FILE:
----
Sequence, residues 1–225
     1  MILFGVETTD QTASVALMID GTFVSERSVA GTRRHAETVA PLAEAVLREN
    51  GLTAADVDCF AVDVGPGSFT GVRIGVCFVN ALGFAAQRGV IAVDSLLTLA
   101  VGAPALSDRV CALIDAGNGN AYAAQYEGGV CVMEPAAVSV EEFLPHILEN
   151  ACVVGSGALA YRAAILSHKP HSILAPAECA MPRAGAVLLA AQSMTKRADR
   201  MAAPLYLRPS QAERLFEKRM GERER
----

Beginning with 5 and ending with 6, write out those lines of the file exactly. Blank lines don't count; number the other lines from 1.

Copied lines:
   151  ACVVGSGALA YRAAILSHKP HSILAPAECA MPRAGAVLLA AQSMTKRADR
   201  MAAPLYLRPS QAERLFEKRM GERER